NEB Statement on Comprehensive Workplace Immunization Programs and Mandatory Vaccinations

Main Image
Renaud Gagné wears a mask while receiving a vaccination from a health care worker in a mask and faceshield.

August 2021

Despite significant progress made in Canada’s campaign to stop the spread of COVID-19 over recent months, including nearly three-quarters of eligible people being fully vaccinated, the country is staring down a fourth wave of the virus.

Sadly, this comes as little surprise. Epidemiologists the world over continue to warn that until vaccines reach a critical mass of people, globally, variants will spread – evolving into more highly transmissible and potentially deadlier strains. 

In low-income countries across the Global South, just over one percent of people received a vaccine. Distribution challenges, in part due to restrictive intellectual property rules that benefit wealthy pharmaceutical firms, are to blame.  Meanwhile, in the Global North, quick re-starts to regional economies, despite modest vaccination levels, are resulting in case spikes (almost entirely among those not vaccinated), increased hospitalizations and the re-introduction of business restrictions.  

Despite its promising start to vaccination, Canada is far from ending the COVID-19 crisis.  National case counts and death tolls continue to climb. Our union will never forget those members we have lost to this terrible virus – beautiful lives taken, and families left reeling. If, through our collective actions, we can prevent even one more tragedy from befalling a member of our union, then those actions will have been worth the effort.  A halfway approach to protecting public health and the health of working people is simply not good enough. More needs doing.

Higher vaccination rates needed for a sustained, resilient recovery

In May of this year, Unifor’s National Executive Board unanimously endorsed a statement entitled Vaccine Certificates and Considerations to Guide the Re-Opening of Canada’s Economy.

In that statement, the Board articulated its support for additional measures to ensure a safe and fair reopening of the economy. This included the introduction of proof of vaccination certifications, where appropriate, guided by science, in compliance with human rights statutes and governed within a national framework. Such certificate programs must also include strict pre-screening and diagnostic testing.  Unifor continues to support this position.

In this statement, the Board also identified “critical mass” vaccination as the union’s stated goal. Only through large-scale vaccination, can governments and employers move forward with reopening and return-to-work plans, while protecting public health. This is the guidance provided by leading public health officials both in Canada, and internationally. Unfortunately, Canada has not yet achieved this goal.

Helpful campaigns to encourage vaccinations, and eliminate barriers to access, in recent months appear to have run their course. Vaccination rates are plateauing. The risks to public health of future waves of this pandemic is too high. This includes risks to public-facing, front-line workers and those who, by necessity, work in close quarters and have a right to a healthy and safe workplace.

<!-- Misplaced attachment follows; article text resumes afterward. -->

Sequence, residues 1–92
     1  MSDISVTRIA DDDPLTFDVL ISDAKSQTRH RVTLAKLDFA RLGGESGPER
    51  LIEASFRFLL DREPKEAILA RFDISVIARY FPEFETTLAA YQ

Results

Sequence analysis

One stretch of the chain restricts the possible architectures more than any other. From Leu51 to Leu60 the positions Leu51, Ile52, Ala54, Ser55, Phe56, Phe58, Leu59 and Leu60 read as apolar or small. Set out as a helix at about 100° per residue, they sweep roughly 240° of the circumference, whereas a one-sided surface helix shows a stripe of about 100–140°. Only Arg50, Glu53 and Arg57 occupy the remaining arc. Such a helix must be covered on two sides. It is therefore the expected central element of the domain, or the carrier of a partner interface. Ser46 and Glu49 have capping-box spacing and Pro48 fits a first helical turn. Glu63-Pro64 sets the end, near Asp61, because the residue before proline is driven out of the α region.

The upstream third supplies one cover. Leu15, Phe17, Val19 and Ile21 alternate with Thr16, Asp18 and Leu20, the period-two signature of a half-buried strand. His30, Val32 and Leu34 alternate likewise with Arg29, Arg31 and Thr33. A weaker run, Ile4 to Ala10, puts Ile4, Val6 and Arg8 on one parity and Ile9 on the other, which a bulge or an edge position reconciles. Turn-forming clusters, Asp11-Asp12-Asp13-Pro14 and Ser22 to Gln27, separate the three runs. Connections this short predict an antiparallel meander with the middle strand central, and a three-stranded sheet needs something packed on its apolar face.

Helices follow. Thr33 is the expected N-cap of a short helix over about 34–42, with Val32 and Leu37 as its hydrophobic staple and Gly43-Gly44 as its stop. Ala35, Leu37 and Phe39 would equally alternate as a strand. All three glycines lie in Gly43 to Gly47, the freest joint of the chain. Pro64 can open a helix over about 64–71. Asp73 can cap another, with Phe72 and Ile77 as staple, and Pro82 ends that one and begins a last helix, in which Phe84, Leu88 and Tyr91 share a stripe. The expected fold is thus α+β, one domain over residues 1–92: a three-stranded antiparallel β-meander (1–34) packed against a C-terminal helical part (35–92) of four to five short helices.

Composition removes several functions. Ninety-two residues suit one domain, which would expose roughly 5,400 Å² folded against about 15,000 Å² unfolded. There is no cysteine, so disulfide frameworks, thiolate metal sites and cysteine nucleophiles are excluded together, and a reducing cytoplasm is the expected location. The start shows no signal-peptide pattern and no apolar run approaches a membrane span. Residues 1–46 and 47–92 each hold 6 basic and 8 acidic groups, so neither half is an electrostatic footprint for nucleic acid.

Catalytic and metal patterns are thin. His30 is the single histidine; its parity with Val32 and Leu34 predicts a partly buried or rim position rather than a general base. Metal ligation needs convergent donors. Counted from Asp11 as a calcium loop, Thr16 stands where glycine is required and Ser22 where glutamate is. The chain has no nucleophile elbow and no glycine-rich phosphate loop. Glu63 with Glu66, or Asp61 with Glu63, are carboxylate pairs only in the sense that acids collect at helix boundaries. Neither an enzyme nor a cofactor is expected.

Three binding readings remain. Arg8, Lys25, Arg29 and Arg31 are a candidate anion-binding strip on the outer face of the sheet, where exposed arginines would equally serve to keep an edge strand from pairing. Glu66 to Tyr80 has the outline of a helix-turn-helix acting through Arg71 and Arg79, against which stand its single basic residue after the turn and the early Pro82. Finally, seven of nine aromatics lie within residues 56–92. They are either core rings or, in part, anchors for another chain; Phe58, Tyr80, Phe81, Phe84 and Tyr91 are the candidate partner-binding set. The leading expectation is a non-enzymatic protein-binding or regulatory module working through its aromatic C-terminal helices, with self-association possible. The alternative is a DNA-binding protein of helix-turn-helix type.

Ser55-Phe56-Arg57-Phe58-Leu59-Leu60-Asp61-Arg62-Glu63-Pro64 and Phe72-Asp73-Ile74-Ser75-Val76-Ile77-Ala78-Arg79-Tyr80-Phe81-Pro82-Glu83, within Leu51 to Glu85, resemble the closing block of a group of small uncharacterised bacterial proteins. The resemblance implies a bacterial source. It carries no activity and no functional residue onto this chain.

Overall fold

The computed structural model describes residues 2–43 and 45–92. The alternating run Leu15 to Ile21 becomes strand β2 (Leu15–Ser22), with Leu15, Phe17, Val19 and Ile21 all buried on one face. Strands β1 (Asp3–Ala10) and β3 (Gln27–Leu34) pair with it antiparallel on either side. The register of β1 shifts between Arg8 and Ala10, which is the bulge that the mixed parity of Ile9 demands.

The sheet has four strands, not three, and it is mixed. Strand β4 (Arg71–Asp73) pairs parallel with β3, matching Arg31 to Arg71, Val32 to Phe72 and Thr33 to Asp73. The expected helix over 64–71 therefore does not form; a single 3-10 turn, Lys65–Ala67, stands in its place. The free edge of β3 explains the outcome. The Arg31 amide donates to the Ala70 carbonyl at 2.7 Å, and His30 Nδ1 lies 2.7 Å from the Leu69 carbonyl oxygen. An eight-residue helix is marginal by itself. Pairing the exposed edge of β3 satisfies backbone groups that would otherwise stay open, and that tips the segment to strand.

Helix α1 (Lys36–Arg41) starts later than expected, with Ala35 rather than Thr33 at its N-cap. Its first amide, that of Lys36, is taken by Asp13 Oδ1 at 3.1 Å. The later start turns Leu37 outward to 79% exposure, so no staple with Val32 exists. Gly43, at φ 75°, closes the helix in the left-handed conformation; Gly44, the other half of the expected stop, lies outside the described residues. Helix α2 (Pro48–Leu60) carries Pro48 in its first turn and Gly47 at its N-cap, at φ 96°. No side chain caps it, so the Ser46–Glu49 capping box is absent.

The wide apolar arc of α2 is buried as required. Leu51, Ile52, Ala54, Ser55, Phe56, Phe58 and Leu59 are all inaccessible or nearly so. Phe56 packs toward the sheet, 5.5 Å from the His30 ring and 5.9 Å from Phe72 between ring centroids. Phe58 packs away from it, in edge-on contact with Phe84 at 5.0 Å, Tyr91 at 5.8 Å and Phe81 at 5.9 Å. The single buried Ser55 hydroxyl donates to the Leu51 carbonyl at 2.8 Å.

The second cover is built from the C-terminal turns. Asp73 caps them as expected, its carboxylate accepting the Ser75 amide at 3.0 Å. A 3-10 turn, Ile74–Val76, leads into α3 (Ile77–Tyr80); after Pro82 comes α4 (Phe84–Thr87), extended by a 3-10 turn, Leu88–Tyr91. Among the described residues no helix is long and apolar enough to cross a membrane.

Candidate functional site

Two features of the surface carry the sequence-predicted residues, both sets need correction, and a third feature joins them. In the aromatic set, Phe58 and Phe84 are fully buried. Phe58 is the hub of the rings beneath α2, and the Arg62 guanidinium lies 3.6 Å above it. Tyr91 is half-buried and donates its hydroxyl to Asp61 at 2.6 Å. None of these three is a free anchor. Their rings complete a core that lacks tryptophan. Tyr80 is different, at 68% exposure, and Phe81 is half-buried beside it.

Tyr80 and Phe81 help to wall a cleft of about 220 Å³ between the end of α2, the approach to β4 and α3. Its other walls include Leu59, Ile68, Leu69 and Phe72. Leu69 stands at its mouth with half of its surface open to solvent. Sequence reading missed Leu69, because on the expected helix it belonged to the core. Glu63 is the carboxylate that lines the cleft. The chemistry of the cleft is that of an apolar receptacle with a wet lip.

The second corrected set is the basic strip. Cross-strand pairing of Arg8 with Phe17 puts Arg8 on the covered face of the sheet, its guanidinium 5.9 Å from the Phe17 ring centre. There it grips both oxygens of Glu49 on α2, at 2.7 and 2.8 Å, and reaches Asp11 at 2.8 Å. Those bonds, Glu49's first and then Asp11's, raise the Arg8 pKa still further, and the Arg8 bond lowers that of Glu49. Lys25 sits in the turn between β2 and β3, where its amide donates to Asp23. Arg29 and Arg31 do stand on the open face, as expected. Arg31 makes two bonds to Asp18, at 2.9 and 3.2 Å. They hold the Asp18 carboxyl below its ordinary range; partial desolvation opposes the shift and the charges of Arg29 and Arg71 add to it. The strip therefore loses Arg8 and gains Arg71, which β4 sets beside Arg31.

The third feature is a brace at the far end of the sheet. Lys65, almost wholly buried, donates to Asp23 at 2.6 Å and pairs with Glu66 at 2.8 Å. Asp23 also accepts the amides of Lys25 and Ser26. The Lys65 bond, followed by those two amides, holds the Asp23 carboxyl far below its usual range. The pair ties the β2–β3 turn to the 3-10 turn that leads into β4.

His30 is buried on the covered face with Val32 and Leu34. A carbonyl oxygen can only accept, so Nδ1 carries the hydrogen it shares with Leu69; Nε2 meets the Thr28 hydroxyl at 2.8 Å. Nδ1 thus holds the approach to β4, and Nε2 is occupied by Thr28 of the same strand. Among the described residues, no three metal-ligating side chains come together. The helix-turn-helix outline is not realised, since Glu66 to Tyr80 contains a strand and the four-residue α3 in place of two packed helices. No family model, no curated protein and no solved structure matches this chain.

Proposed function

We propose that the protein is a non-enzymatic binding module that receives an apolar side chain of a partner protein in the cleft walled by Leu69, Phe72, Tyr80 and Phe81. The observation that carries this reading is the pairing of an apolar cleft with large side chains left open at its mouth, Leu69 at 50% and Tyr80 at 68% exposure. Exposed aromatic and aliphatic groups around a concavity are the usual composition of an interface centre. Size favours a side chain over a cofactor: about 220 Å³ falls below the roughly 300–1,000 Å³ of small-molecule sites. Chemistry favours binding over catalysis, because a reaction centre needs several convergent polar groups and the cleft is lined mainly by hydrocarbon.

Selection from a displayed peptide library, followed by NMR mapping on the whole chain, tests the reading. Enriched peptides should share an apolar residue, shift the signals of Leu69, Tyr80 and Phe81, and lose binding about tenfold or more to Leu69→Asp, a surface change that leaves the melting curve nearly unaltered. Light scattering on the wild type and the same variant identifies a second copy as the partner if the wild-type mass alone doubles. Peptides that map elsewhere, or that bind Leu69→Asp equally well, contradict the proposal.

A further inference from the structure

It is incumbent on governments to take the necessary steps to protect all people in Canada from further spread of the virus, including children and those who are immunocompromised, enabling us all to move forward into recovery. People in Canada have a responsibility, too, to protect one another.

Mandatory workplace vaccinations, one of many tools to keep workers safe

Organizations must utilize all of the tools at their disposal to stop the spread of COVID-19. For employers, this includes mandatory vaccination of workers, especially for those in public-facing or congregate work-settings where risk of transmission is high.  This also includes regular testing, pre-screening, greater availability of personal protective equipment, and other reasonable safety measures.

To be clear, the Board believes such requirements are necessary to protect the health and safety of workers. Unifor members have a right to be safe at work, and it is our union’s duty to uphold that right. This is of paramount importance to our union. Of course, any such mandate must accommodate for legitimate health exemptions, address personal privacy and data protection issues and uphold relevant human rights statutes – not unlike existing mandatory vaccine measures employed in Canada.

Across workplaces, employers must also ensure that any mandatory vaccine policies, advanced screening, testing and other measures have input from Unifor.  Our union expects employers to adhere to and uphold collective agreement language, where applicable, and collaborate with us on establishing appropriate processes as well as organizing mandatory information sessions for workers. Our union will continue working to ensure members have clearly defined safety protocols and sufficient access to PPE.

This pandemic will not be over for anyone until it is over for everyone.

Unifor commits to relentlessly championing progressive, practical, principled and science-based policies to get Canada through this pandemic and facilitate a safe return to work in the spirit of building a fair, resilient and inclusive economy.